This is not to say that we are not more forgiving or less judgmental than we were at the beginning of our work with this course, rather that there is a barrier. Again, it is understandable that there would be a barrier, but simply understanding why is not enough, because that then can become a defense, and usually does. You can understand until you are blue in the face, and nothing is going to change. It is most important to try to feel what stops you from taking words you have heard and read over and over in the Course, and letting the principles affect everything in your life, because they should affect and change everything in your life.
It is so easy to complain about things, starting with the people with whom we live, work, or grew up, not to mention our bodies, old age, the president, the weather—everything and anything. We do that without even thinking about what we are doing. It is so natural for us to complain, find fault, separate, or exclude that we do not give it a second thought. That is one segment of our lives. Then we turn back, come to a class, study A Course in Miracles, do whatever we do with it, and understand it. Again, there is a gulf or wall that separates these two aspects of our experience: we understand and accept what we study in the Course as the truth, and then go about living our lives seemingly unaffected by it.
This is similar to the revolution in physics in the 20th century that started with Einstein. It shattered all of the Newtonian laws and helped us realize that nothing is what we think it is: the world of matter is basically an illusion; it is all thought, not solid. These astonishing findings have had almost no effect on anything. Most of the time, the new physics is not even taught in schools. Citing another example, there seems to be incontrovertible evidence that the United States military/intelligence had broken the Japanese code and therefore knew that there was to be an attack on Pearl Harbor. But it is so woven into the mythology of the United States that it was a sneak attack that we knew nothing about, that the idea that the United States had full knowledge of the planned attack has been kept separate. Then, too, everyone knows that the first gospel written was that of Mark, not Matthew, but people still talk about Matthew as the first gospel. Bibles are printed with Matthew as the first gospel, but Matthew was written second. There are dozens, hundreds, thousands of experiences like that. It is as if there is a truth on one side, and then there is what everyone does over on the other side, and never the twain shall meet. We just build a wall.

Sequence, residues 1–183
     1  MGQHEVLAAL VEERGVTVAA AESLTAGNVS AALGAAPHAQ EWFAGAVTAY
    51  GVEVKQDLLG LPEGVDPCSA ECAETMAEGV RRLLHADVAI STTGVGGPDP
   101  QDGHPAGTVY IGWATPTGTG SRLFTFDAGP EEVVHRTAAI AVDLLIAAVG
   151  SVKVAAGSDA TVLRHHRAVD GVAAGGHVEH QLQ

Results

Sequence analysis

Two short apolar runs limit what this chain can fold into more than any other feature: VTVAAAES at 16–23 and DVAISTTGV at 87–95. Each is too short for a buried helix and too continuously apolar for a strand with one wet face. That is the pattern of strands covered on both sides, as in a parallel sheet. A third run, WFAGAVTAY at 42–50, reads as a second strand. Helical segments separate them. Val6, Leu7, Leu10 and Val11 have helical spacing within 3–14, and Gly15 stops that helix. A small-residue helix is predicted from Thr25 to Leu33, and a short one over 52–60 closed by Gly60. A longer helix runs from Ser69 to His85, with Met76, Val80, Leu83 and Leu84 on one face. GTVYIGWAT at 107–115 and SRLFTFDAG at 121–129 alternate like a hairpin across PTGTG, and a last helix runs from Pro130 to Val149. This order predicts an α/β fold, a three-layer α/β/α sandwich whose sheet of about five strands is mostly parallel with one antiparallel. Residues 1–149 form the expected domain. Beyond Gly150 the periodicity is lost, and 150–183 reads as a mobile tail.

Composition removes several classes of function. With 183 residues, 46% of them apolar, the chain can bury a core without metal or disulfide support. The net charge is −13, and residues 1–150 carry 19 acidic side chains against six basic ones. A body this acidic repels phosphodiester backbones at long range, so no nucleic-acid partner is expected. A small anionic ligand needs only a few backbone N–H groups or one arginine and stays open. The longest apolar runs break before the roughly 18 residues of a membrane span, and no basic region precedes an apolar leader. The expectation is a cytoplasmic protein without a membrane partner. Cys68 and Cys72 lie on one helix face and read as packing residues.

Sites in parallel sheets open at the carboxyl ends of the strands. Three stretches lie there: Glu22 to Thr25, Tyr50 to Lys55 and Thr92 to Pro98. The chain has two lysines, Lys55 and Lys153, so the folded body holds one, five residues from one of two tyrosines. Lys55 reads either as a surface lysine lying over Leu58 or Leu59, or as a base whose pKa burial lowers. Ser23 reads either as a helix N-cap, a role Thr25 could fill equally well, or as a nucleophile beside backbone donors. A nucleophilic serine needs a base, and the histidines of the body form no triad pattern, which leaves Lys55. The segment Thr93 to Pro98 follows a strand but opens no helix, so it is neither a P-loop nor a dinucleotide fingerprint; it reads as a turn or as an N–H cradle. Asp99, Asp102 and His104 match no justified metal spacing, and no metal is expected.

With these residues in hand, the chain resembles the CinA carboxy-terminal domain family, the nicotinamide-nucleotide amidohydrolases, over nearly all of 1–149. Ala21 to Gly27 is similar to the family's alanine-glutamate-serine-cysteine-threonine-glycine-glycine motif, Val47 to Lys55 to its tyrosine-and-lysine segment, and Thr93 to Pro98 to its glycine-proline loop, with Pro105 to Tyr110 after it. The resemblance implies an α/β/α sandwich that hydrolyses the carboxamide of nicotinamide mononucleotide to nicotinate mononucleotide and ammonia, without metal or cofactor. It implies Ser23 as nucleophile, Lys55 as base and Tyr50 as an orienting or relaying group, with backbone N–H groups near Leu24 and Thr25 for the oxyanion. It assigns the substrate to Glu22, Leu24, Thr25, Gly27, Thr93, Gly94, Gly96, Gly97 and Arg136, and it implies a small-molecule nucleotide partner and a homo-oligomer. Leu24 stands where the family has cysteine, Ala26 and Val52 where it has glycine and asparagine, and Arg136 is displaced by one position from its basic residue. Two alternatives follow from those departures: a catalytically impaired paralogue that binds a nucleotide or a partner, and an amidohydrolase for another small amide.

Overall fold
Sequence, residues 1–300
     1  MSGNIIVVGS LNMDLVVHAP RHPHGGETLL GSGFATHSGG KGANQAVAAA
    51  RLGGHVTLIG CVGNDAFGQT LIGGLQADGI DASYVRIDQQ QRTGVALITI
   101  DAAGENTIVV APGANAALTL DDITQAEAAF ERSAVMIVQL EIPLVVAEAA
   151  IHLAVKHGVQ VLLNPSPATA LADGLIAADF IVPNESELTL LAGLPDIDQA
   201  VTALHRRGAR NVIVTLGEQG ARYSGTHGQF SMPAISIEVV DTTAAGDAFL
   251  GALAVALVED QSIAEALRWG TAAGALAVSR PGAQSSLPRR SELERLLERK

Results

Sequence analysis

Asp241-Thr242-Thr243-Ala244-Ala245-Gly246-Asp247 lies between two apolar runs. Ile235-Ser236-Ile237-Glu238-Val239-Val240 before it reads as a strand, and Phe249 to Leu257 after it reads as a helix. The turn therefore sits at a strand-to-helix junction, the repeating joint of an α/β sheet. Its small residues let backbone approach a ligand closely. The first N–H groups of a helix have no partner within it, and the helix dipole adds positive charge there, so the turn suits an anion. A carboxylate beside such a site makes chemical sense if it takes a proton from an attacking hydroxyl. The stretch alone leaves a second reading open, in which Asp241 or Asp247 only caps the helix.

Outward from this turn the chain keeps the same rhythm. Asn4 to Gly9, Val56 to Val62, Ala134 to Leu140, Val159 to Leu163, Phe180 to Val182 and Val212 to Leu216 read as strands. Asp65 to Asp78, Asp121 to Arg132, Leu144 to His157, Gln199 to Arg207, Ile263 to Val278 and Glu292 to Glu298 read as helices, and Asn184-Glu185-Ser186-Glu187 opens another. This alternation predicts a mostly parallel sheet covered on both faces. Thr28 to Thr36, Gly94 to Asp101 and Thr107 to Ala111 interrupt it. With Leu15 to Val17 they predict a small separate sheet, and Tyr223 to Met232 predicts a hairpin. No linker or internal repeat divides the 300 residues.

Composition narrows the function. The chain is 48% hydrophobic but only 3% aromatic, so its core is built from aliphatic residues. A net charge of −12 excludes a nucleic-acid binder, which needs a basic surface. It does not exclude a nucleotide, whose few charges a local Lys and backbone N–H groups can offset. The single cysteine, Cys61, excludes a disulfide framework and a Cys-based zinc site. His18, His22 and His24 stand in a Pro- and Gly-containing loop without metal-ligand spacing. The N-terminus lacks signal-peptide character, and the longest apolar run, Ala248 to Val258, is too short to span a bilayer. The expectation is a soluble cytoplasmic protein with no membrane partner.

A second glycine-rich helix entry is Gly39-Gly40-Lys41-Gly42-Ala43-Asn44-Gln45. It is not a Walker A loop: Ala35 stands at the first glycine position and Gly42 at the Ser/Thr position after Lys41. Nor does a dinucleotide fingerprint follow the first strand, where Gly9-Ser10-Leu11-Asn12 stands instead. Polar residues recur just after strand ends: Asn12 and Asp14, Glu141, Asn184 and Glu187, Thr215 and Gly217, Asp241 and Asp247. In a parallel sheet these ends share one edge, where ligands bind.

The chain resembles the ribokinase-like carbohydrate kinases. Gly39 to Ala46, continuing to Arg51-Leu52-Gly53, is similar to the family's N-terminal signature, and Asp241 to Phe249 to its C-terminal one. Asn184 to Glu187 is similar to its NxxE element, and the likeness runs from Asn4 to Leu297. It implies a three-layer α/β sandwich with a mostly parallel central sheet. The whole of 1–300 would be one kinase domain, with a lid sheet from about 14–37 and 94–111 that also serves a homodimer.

What all this tells us is that there is a tremendous fear of changing what we know—we do not want our worldview to be upset. Nothing changes or upsets our worldview more than A Course in Miracles, because it takes us one step, albeit a giant one, further than the quantum physicists. It not only says this world is an illusion, it says that the thought that makes up the world is an illusion, too. It is not only that this body as matter is an illusion, but the thought that made this body is also illusory. This leaves us as individuals absolutely nowhere, because it is saying that as an individual I am a total non-entity, a “no thing,” a “no thought.” Obviously, this is extremely frightening and overwhelming. But rather than deal with this conclusion, we split it off. Dissociation is a wonderful psychological defense, where we have two mutually exclusive thoughts, not wanting to let them go, and so we just split them off; we dissociate; we dis-associate one from the other.